Cooling Strategies Can Prevent Overheating While Wearing PPE

By Will Boggs MD

June 22, 2020

NEW YORK (Reuters Health) - The use of personal protective equipment (PPE) can increase the risk of overheating, but several strategies can reduce this risk, researchers in the Netherlands report.

"Cooling strategies can be used prior to, during, or after working activities and could reduce thermal strain, improve thermal discomfort, reduce the cardiovascular strain, and reduce dehydration (i.e. rehydration effect of ice slurry ingestion)," said Dr. Coen C. W. G. Bongers of Radboud University Medical Center, in Nijmegen.

"As a result, healthcare providers (HCP) will be better able to cope with the negative consequences of wearing PPE and work-tolerance times might be extended," he told Reuters Health by email.

Dr. Bongers and colleagues describe thermal regulatory challenges associated with PPE use, along with cooling strategies and their effects, in an infographic in the British Journal of Sports Medicine.

PPE creates a microclimate around the skin that reduces its capacity for heat loss. That, combined with longer shifts, can result in increased core temperature, increased sweat rates and dehydration.

Cooling devices worn under PPE have been shown to decrease the physiological and subjective strain in a simulated hot and humid laboratory environment.

Any cooling strategy must be safe and hygienic, rapidly scalable and accessible for every hospital, and easy to implement in clinical settings.

Two examples of cooling strategies that could be used in clinical settings are cold water/ice slurry ingestion and cooling vests. The type, frequency, and extent of cooling interventions can be optimized depending on the setting, PPE wear time, physical duties and personal preferences.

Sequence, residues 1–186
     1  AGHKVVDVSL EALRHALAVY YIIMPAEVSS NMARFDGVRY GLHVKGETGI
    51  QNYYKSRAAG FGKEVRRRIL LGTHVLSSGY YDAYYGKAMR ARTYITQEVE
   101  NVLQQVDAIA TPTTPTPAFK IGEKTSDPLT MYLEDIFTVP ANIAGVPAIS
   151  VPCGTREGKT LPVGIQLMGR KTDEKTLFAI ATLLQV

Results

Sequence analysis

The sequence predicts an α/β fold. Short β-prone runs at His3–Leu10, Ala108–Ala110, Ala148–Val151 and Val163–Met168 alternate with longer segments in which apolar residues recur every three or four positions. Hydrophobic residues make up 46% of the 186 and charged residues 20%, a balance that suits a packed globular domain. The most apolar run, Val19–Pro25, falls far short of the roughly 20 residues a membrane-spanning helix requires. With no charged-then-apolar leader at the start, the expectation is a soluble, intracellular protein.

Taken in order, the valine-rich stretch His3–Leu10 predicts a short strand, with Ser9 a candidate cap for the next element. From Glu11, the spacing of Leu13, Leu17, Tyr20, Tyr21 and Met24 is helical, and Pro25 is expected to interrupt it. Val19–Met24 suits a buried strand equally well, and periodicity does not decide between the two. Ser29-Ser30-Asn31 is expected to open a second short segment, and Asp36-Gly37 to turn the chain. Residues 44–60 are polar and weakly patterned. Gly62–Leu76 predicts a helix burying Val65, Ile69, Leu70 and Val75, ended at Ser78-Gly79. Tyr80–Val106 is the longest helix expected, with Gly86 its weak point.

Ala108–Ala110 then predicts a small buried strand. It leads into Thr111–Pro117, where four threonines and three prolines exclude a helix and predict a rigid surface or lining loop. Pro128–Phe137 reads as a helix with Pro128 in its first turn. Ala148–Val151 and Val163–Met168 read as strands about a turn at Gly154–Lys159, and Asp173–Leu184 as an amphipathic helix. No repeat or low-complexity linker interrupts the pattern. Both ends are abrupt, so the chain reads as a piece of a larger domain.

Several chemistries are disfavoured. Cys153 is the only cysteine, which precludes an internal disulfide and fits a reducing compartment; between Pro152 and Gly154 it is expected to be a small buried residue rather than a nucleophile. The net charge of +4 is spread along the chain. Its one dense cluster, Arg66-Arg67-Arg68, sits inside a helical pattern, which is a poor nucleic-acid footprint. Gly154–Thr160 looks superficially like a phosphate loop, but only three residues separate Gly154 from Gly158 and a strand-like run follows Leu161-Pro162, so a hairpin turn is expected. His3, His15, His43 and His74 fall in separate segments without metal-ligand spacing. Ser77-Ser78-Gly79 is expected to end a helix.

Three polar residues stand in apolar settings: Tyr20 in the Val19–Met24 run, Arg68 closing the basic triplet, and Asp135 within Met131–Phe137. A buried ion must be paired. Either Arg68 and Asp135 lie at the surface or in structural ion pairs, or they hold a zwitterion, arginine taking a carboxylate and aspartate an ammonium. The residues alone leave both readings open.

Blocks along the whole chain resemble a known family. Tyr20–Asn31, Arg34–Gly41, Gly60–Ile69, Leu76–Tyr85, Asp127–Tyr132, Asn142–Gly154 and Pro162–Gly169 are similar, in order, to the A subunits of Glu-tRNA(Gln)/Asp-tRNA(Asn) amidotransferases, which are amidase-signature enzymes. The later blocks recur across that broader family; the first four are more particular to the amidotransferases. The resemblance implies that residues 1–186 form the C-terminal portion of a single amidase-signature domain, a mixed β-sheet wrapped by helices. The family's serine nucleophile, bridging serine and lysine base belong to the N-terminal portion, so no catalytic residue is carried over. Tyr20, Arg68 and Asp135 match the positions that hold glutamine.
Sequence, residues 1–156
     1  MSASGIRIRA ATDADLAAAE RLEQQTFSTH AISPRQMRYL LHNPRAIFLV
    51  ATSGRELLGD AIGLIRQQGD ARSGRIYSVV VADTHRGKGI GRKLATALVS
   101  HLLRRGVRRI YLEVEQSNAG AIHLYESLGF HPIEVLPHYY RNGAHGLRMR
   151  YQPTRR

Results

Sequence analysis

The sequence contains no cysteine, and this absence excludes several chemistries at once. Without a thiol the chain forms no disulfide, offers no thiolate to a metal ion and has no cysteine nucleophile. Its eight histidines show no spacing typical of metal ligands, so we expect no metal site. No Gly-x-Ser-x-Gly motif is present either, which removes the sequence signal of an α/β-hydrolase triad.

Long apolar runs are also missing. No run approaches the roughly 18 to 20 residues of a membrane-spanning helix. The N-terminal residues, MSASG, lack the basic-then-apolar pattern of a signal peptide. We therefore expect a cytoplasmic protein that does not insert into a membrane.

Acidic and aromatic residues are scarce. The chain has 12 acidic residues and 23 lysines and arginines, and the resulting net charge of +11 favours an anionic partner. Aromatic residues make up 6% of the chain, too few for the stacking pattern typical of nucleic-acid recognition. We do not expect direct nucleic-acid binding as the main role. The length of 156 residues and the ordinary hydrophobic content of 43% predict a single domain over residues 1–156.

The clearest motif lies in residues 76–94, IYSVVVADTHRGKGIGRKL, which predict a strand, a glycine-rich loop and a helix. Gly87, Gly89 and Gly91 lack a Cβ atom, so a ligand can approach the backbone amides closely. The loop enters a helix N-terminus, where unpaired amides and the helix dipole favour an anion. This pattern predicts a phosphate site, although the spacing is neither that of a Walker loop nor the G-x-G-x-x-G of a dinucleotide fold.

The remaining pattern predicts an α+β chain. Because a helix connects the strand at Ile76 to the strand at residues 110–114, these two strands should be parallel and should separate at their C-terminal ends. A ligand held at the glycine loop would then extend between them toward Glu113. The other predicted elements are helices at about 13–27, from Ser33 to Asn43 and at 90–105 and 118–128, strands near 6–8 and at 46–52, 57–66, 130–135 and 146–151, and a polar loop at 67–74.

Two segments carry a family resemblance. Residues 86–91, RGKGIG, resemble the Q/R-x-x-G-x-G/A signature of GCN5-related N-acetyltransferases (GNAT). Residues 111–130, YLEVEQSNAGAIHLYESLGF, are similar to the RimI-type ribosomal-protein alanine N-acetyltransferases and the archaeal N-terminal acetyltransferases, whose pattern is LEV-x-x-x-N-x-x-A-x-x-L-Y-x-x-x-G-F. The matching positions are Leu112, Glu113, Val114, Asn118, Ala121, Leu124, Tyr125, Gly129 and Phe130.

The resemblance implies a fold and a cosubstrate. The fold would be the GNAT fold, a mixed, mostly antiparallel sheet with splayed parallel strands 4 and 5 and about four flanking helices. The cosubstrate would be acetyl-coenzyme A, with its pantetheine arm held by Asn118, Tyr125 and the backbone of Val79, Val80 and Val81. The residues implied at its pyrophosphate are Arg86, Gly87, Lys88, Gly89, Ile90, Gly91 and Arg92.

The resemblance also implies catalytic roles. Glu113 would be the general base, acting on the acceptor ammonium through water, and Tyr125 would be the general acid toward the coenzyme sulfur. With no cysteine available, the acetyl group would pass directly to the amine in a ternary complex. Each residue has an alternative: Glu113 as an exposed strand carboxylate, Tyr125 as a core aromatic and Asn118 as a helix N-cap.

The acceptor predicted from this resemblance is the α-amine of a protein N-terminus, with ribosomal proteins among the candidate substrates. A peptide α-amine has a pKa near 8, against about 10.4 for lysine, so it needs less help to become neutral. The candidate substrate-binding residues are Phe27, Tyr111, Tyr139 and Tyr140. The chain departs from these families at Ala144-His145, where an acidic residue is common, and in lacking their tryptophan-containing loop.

These cooling strategies can be applied prior to, during and after working activities with PPE, but there is less evidence for the benefits of postcooling compared with precooling and cooling during activities.

"Wearing PPE during COVID-19 medical duties leads to an additional thermal burden for HCP, which could decrease their physical and cognitive performance, but can be easily counteracted by implementing cooling strategies prior to, during, or after working activities," Dr. Bongers said. "The infographic that we developed can help healthcare personnel to implement these strategies into daily practice."

As temperatures rise in the northern hemisphere during summer, he added, "the need to counteract this heat stress proactively using cooling strategies is very important."

SOURCE: https://bit.ly/3e9c8tr British Journal of Sports Medicine, online June 10, 2020.

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